Format of Presentation

Poster to be presented the Friday of the conference

Abstract

Feeding systems of cattle are returning to fresh forage, making use of modern technologies such as hydroponics for year-round access. In order to be labelled as Grass-Fed milk, operations must now adhere to national standards set by the Dairy Farmers of Canada. To meet quality assurance standards, the 18:2 n-6/18:3 n-3 ratio in milk is required to be less than or equal to 3.5 in the first 12 months of testing, and less then or equal to 3.0 thereafter. The analysis of omega fatty acids in milk is possible by NMR spectroscopy, and with the emergence of benchtop NMR spectrometers, in-house testing may be possible in order to meet this quality assurance guideline. In collaboration with the Nutriva Group, which feeds dairy cattle hydroponically grown grass and sprouts, the omega fatty acids of raw milk samples are currently being analyzed by 1H and 1D TOCSY NMR spectroscopy. The overall goal of this experiment is to provide findings on omega fatty acids, as well as polyunsaturated, monounsaturated, and saturated fats in milk provided by the Nutriva Group and to compare them with conventional milk products.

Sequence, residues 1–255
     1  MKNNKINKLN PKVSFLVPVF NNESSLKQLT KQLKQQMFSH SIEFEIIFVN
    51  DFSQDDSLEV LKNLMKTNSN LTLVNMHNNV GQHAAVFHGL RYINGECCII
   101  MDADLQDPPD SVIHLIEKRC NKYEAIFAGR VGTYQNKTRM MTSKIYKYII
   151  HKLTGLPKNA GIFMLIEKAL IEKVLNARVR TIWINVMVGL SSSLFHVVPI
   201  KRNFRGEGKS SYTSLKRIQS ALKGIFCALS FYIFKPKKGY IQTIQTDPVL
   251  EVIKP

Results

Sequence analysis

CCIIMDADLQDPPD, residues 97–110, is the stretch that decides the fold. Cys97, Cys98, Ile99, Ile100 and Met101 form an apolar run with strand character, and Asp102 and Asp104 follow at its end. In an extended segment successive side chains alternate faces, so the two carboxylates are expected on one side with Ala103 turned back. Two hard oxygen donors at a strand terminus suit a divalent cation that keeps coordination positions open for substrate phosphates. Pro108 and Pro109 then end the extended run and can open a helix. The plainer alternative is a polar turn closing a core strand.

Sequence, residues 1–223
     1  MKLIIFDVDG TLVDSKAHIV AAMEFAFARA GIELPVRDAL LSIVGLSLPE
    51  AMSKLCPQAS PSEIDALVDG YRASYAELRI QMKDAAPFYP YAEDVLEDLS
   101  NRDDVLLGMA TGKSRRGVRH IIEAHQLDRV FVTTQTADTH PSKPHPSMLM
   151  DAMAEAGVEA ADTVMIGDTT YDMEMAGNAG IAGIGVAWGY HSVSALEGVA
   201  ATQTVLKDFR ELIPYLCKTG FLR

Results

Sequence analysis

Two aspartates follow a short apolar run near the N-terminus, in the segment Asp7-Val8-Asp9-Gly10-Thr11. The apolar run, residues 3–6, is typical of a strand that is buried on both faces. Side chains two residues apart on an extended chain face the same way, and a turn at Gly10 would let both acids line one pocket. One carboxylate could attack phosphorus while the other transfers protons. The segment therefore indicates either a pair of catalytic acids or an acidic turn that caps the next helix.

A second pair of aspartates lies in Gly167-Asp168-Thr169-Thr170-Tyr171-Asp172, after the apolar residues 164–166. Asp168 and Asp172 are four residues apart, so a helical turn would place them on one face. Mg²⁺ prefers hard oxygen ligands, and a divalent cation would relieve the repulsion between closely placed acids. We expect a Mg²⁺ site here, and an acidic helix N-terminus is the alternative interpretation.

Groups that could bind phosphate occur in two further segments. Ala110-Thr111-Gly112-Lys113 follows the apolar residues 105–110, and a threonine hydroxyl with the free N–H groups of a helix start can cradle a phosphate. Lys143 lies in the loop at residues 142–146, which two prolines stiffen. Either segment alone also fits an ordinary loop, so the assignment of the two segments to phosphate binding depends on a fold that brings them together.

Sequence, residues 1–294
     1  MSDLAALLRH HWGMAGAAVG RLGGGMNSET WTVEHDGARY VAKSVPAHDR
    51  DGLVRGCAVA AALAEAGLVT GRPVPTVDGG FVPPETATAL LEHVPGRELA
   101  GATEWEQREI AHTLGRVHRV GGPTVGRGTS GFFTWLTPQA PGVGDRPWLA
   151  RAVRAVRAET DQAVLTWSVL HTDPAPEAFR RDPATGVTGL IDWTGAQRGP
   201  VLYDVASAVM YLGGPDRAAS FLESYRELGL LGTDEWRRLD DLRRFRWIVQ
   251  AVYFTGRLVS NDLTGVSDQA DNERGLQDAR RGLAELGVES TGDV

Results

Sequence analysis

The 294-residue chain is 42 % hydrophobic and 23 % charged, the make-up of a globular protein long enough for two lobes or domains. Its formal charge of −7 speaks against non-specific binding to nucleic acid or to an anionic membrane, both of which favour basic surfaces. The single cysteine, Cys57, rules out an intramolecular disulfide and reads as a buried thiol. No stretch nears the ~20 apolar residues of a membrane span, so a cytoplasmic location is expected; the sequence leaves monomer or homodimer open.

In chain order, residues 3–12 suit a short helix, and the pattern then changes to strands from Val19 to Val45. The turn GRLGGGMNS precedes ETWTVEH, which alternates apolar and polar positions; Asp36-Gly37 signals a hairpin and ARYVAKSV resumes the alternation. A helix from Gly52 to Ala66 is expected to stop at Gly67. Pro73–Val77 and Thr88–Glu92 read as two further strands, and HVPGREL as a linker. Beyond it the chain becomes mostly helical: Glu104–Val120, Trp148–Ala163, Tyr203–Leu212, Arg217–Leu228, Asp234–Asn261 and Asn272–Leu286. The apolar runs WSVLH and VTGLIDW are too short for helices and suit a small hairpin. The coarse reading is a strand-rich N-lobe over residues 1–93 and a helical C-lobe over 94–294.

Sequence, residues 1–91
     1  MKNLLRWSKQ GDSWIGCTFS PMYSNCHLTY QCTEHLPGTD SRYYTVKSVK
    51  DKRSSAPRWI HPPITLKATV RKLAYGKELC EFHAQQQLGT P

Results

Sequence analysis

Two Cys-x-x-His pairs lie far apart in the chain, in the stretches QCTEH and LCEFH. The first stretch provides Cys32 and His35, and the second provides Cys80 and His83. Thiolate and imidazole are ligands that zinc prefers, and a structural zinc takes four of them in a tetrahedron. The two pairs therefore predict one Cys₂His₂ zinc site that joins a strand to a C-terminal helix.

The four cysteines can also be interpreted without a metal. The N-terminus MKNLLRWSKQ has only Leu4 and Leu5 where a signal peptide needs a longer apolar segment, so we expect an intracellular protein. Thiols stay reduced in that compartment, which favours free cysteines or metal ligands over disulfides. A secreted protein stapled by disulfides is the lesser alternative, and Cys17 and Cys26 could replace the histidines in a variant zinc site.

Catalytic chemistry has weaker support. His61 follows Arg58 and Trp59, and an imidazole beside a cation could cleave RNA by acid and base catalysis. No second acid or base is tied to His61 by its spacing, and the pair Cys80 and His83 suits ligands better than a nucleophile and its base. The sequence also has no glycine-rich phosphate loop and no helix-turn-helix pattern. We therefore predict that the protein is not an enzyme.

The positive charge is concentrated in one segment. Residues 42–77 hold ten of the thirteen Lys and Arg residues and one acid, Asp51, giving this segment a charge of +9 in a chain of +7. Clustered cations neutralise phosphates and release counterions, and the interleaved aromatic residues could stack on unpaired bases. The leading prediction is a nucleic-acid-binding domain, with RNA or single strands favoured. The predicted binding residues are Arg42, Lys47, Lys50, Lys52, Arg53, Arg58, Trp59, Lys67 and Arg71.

Department

Chemistry

Faculty Advisor

Dipesh Prema and John Church

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Comparison of Omega 6:3 Fatty Acid Ratios in Milk from Conventional, Grass-fed, and Sprout-fed Dairy Cattle Using NMR Spectroscopy

Feeding systems of cattle are returning to fresh forage, making use of modern technologies such as hydroponics for year-round access. In order to be labelled as Grass-Fed milk, operations must now adhere to national standards set by the Dairy Farmers of Canada. To meet quality assurance standards, the 18:2 n-6/18:3 n-3 ratio in milk is required to be less than or equal to 3.5 in the first 12 months of testing, and less then or equal to 3.0 thereafter. The analysis of omega fatty acids in milk is possible by NMR spectroscopy, and with the emergence of benchtop NMR spectrometers, in-house testing may be possible in order to meet this quality assurance guideline. In collaboration with the Nutriva Group, which feeds dairy cattle hydroponically grown grass and sprouts, the omega fatty acids of raw milk samples are currently being analyzed by 1H and 1D TOCSY NMR spectroscopy. The overall goal of this experiment is to provide findings on omega fatty acids, as well as polyunsaturated, monounsaturated, and saturated fats in milk provided by the Nutriva Group and to compare them with conventional milk products.

 

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